Thursday, January 8, 2015

Why I'm Seeing Selma This Weekend

“People fail to get along because they fear each other; they fear each other because they don't know each other; they don't know each other because they have not communicated with each other.” - Martin Luther King Jr.


Selma, the film that chronicles Martin Luther King's struggle to pass the Civil Rights Act through organized protests in Selma, Alabama hits theaters tomorrow. Holla! Can't wait to see it this weekend. I'm ready and have been ready since I saw the trailer back in early December of last year. 

This film is directed by Ava DuVernay, a journalist turned film director and the script was written by Paul Webb. Acto, who plays Dr. Martin Luther King Jr, signed on to take the role seven years ago. That's right, it took seven years for this film to get made. This film was made without the rights to King's speeches, which made the storytelling a bit of challenge, but from the critics I've listened to, a challenge that was capitalized on and met. There have already been murmurs of Oscar nominations. Kudos to DuVernay for her vision and the tenacity to get this film made and nationally distributed in theaters. 

I can't help but juxtapose this film to the recent protests regarding police conduct and abuse of power in many cities across our country. 51 years after the Civil Rights Act of 1964, people of color are still fighting for justice in America. Sadly, the vision and hopes Dr. King hoped for have not been fully realized in America. The fight for justice and progress has always been here and will always be here but the look and feel of it has changed. Racism, like everything else in our lives evolves and adapts.

As a person of color that has grown up in America and has seen and achieved many benefits in my own life, I can also say I've been exposed to racism and discrimination based on the color of my skin. I've been followed in stores, been called the n-word as recently as 2006, and when my mom moved to her current home back in 1993 I will never forget when I was followed by a police car as I walked to a friend's house. Mind you, I'm a Yankee, a black woman that grew up in the Connecticut valley. The police car followed me all the way to the door step and didn't turn around until I entered the house. I often wonder how the situation would have been different if I was a young black male walking to a friends house.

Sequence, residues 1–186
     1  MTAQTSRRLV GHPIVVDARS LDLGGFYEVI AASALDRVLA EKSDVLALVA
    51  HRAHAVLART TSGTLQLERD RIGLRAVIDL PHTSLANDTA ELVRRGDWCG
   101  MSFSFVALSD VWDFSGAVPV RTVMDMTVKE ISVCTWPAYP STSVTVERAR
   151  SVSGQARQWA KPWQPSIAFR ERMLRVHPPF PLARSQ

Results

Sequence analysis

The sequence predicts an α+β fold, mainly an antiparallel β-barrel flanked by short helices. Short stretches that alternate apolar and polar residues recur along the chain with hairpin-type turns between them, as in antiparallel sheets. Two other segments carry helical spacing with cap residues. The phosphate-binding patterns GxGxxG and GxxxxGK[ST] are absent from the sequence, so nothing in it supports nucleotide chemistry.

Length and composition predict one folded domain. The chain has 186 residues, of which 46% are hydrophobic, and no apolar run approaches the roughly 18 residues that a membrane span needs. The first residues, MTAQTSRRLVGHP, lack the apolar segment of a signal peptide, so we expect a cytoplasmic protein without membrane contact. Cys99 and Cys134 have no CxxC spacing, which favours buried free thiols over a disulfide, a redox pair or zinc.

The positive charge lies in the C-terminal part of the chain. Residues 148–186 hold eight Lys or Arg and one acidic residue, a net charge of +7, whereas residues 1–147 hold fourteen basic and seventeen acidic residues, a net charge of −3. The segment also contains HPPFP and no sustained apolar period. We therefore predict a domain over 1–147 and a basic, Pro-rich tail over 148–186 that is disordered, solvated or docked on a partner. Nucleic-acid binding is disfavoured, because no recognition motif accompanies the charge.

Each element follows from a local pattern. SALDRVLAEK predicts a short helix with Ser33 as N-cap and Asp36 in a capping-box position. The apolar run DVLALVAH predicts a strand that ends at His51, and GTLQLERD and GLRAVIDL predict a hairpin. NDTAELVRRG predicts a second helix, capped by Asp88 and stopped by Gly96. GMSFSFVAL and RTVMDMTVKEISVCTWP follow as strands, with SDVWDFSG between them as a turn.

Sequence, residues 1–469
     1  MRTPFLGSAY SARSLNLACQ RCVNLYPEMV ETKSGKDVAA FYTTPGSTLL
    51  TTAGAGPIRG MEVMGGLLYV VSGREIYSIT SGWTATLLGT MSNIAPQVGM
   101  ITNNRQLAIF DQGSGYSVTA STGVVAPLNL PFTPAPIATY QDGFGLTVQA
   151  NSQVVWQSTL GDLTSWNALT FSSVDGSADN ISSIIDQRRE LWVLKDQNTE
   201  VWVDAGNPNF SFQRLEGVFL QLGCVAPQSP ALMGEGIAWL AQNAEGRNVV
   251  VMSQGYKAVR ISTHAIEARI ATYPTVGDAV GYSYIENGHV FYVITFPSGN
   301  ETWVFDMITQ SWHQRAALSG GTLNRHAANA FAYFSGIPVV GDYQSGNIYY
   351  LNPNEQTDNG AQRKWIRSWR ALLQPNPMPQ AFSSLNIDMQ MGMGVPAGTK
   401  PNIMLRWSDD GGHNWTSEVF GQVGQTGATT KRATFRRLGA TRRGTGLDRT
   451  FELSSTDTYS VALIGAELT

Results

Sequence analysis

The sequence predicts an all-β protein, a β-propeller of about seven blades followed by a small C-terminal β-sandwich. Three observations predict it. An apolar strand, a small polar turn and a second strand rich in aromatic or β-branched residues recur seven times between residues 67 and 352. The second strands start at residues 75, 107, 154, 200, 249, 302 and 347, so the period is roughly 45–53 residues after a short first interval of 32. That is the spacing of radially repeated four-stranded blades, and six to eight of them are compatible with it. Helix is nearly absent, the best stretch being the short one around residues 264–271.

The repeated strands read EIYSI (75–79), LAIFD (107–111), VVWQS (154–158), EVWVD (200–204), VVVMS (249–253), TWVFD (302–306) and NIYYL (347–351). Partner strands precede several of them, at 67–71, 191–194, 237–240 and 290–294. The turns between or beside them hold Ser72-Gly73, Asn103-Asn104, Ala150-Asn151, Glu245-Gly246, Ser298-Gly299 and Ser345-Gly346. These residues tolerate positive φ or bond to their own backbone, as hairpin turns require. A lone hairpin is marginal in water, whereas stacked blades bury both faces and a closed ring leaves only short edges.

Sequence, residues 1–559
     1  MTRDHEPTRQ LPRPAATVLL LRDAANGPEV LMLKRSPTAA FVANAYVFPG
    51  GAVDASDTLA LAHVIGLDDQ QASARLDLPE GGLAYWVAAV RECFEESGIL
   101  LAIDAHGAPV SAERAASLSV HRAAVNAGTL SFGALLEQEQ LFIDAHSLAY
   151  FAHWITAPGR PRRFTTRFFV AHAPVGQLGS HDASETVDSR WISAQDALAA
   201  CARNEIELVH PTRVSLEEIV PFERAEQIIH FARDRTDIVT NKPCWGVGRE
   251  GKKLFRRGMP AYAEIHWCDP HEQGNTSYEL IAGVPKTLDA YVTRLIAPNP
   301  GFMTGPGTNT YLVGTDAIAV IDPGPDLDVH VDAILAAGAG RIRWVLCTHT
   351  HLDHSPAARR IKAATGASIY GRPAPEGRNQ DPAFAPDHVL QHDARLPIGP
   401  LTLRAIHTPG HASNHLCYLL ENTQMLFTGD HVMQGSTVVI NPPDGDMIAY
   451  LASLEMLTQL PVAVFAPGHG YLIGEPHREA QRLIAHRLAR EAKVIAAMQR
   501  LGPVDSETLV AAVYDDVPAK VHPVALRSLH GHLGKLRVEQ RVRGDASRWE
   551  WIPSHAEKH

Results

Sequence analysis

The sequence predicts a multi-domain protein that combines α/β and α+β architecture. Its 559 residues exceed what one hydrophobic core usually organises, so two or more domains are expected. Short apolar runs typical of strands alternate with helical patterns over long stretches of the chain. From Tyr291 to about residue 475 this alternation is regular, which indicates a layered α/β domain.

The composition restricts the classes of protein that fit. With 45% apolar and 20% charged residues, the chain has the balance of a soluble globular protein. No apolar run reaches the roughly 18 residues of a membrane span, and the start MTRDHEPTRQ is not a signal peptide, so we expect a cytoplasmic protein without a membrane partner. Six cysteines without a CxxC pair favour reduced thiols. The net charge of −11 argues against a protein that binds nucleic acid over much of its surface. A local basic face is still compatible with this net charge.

I'm not saying all cops are bad. They're not. However, I will say that I recognize a problem not only with law enforcement and our justice system, but how our society views black men in general. Since G.W. Griffiths film, "A Birth of a Nation," black men have had to struggle against stereotypes in the media that have given the public perception that they are savages and need to be feared by society. Are there black men who are no good and dangerous, yes, but the same can be said of men in general regardless of class, race, ethnicity, or religion.

For me, a real conversation on race needs to happen in America. The media has tried and failed and it's a part of the problem. 

We need to begin at the local level. We need to be accountable as individuals and recognize that America has many different faces and that class, zip code, and race will impact your experience for better or worse. White privilege is real. Money and wealth is also a privilege that can be a game changer despite race. America may be the land of opportunity but the scales aren't balanced. How we deal with our history will dictate how we move forward. 

Acknowledging the disastrous impact slavery and Jim Crow has had on the lives of black Americans and the legacy of these unfair and unjust practices in policies embedded in our public and private systems whether it be education, social services, the military or the criminal justice system needs to happen. The work ahead isn't easy but history tells us nothing worth achieving ever is. 

See Selma this weekend and then have a conversation about the film. Dialogue can lay the foundation for change.


5 comments:

shortstack2 said...

A: this is a wonderful, heartbreaking post. I admire you so much: you are always "in there " taking on problems head-on and always combining that with kindness and optimism.

happy New Year
love, Janie

Aaliyah Miller said...

Janie,

Thanks for the kind words. I feel like I need to do more and my first step was this blog.

Judith Nutkis said...

Selma's director Ava DuVernay did a great interview with Terry Gross, yesterday.


http://www.npr.org/2015/01/08/375756377/the-sounds-space-and-spirit-of-selma-a-director-s-take

Aaliyah Miller said...

Judith, thanks for the link. Looking forward to hearing it!

G Calvin Berry said...

It's great to see a woman of color have the courage to even touch this subject publicly. And not be ashamed of your heritage.

I was a young boy on April 4,1968 the day Dr. King was assassinated, and I remember my parents wept. The whole neighborhood wept. The world wept. Growing up in America as a black man has not been easy at times. But it has been better for me than my parents. I am glad this film "Selma" was made, and I hope the young people of this country pour into the theaters to see it. Racism is a disease that must be cured. Education gives hope.